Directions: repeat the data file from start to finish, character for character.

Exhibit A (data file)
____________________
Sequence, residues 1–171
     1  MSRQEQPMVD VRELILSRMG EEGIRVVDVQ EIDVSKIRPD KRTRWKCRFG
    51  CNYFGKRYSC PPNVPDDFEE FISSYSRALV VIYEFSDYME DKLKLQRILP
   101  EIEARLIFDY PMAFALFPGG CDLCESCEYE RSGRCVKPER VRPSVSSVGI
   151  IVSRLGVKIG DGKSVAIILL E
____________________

Sequence, residues 1–171
     1  MSRQEQPMVD VRELILSRMG EEGIRVVDVQ EIDVSKIRPD KRTRWKCRFG
    51  CNYFGKRYSC PPNVPDDFEE FISSYSRALV VIYEFSDYME DKLKLQRILP
   101  EIEARLIFDY PMAFALFPGG CDLCESCEYE RSGRCVKPER VRPSVSSVGI
   151  IVSRLGVKIG DGKSVAIILL E